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Devon School of Fly Fishing Team blog

Report from the Dude

Ray is my fishing buddy and is so relaxed I call him the “Dude” after the character of the same name in the Cohen Brothers film The Big Lebowski. He has written a few words about a day we had on a salmon river  in NZ.  It was one of those things where you read about a river and it says no one really fishes it for trout as it is known for salmon.  But it sort of gets you thinking that firstly is that because no one actually does bother fishing it for trout or is it the details you have in front of you like this to keep you for fishing for trout? We probably looked into this too deeply but when it comes to fishing I think you have to…anyway, over to you Dude…

 Pete and I were told by locals that the Rangitata “was more of a salmon river”.  When we arrived at the upper gorge section upriver of Peel Forest, it was easy to understand why:  it was a big, fast water interrupted by long, deep pools.  the water was brilliant torquoise, almost artificial in colour, because of the light reflecting off the volcanic silt collected from its headwaters.

The Dude

The Dude

 Unfortunately, the strong Northwesterly wind was blowing whitecaps in the pools and we quickly decided that we wouldn’t be able to turn over even our seven weight lines.  disappointed, we got back in the car and drove back downriver hoping to find more trout friendly water and shelter from the wind.

 We found what we were looking for, but unfortunately the section ran next to a campground that was fully booked with locals enjoying a long weekend.  We figured that the water got a good pounding but it was getting close to lunchtime and we hadn’t fished so we decided to put in.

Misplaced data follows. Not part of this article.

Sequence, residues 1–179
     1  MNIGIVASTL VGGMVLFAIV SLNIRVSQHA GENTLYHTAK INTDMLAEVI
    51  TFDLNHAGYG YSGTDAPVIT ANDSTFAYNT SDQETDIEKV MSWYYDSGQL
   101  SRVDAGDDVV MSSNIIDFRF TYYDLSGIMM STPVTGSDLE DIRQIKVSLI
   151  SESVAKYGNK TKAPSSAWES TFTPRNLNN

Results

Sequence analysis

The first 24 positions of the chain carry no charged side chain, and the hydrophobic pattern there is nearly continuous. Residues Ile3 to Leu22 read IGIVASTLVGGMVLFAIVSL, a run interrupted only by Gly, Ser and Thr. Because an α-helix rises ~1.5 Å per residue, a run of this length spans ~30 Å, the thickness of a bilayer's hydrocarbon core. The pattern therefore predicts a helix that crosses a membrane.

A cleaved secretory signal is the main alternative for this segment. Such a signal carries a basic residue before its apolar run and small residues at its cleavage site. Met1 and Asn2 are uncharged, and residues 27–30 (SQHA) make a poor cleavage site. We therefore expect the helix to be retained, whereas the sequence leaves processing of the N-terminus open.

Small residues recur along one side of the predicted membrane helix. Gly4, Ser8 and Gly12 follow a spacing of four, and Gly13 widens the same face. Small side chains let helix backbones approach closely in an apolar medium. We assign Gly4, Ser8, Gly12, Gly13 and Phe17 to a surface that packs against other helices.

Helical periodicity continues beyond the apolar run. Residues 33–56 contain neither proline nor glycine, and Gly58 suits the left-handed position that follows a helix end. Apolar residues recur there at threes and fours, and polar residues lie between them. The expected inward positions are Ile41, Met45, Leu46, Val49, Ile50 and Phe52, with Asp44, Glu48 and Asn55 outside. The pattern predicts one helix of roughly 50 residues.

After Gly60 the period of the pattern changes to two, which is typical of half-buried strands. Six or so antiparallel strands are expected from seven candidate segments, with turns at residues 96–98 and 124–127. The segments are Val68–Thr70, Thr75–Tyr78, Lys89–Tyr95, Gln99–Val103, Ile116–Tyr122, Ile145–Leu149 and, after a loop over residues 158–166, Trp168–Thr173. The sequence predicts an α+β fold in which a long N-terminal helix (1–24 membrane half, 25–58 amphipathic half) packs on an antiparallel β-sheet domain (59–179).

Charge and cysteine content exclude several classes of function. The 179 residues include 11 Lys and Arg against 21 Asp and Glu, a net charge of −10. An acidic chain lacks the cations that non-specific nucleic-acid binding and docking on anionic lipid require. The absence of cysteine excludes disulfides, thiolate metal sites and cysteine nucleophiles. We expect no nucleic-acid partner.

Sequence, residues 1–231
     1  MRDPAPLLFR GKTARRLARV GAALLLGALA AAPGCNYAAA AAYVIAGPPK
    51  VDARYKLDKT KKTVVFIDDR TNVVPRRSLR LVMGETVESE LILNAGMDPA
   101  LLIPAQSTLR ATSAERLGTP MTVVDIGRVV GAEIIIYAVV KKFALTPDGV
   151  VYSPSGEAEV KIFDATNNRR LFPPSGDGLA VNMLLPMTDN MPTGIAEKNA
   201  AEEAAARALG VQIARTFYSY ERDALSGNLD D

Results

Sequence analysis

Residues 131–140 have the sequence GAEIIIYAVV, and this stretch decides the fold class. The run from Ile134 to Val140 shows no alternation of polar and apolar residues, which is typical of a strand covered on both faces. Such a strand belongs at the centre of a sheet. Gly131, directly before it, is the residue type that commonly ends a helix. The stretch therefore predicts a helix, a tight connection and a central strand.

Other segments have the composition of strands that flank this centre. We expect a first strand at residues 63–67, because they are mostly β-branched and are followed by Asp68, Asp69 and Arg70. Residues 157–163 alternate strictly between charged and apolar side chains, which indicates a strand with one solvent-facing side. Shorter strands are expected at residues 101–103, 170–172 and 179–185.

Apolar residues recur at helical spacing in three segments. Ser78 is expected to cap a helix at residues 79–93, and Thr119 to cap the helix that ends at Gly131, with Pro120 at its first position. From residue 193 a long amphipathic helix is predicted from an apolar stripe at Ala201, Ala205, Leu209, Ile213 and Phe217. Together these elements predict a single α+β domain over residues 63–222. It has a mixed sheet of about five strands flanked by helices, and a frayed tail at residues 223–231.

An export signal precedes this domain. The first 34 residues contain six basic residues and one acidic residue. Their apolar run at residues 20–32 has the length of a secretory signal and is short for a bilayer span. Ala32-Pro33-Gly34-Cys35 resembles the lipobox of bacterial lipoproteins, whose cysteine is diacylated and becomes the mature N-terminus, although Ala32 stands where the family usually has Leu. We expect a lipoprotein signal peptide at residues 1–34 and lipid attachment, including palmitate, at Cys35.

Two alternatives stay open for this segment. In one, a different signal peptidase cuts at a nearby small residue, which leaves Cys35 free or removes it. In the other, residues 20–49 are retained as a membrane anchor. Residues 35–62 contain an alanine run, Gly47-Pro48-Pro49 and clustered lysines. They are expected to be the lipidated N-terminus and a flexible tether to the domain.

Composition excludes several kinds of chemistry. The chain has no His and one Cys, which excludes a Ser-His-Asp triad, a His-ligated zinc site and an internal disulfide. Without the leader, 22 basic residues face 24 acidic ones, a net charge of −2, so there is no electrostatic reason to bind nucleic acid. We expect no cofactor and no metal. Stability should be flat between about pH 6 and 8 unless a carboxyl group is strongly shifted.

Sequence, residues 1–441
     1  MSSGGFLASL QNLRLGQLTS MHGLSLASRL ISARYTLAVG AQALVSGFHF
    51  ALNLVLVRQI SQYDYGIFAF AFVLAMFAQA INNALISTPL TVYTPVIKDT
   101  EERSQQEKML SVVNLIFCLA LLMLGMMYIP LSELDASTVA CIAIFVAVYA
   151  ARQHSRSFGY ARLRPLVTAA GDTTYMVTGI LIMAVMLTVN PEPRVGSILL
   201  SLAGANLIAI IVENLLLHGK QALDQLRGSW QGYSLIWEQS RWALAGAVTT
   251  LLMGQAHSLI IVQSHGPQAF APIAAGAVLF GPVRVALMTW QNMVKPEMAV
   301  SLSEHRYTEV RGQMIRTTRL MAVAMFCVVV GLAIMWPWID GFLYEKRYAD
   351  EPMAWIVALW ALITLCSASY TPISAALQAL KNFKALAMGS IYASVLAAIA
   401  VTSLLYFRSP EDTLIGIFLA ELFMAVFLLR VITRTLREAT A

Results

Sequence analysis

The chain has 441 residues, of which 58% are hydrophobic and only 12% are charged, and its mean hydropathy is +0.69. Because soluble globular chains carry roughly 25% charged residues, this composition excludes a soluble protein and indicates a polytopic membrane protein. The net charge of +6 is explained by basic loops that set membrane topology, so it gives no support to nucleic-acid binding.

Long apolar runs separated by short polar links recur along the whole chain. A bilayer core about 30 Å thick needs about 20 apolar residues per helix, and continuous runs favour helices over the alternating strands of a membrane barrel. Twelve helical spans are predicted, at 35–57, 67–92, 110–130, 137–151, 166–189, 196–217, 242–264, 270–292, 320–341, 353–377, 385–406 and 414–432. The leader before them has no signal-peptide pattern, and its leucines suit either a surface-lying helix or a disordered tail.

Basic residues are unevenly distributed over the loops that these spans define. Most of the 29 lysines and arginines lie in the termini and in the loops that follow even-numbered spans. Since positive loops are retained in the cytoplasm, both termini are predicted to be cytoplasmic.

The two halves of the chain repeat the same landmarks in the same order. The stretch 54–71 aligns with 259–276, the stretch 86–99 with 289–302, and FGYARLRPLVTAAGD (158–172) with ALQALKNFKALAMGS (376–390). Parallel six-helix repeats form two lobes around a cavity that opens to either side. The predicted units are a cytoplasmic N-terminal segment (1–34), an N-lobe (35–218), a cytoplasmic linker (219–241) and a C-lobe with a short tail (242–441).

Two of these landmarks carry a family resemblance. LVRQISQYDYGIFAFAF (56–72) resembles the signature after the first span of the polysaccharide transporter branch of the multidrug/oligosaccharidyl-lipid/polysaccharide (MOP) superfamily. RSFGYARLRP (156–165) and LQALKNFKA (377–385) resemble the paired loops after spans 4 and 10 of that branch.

Pete took the first pool and I took the second.  Three campers arrived shortly after us in their swim gear and positioned themselves between us.  I immediately became annoyed, but Pete later told me that the two women and one man nuded up and went swimming, so I forgave them and thought what a pleasant addition to any fishing day that would be (seeing the women, that is) provided it didn’t adversely affect the fishing.
We ended the day with two fish each, the largest around 5lbs.  Every day we fished the South Island I learned a thing or two, and here’s what I took away from our day on the Rangitata:      
    1)  Don’t dismiss a river that “was more of a salmon river” as not holding trout.  Pete and I chose the Rangitata deliberately to avoid other trout fishermen.  If you can fish the sections that the salmon fishermen avoid, you may find some trout that haven’t been fished to, even if they are next to a campground.
    2)  Fish lighter tippet than you think would be appropriate.  Although 5lb. tippet is standard for the size of fish we were catching, I fished 3lb. test for most of our trip.  The lighter tippet seemed to help with wary fish.  On big, open rivers like the Rangitata or the nearby Rakaia there aren’t many snags or other places for fish to pop you off.  My normal bias is to fish heavier than appropriate tippet to hasten the fight, but I found that quickly making my way to calm water as the fish tired was the best way to achieve a quick release. 
    3)  Always choose the first pool downriver of nude lady swimmers.

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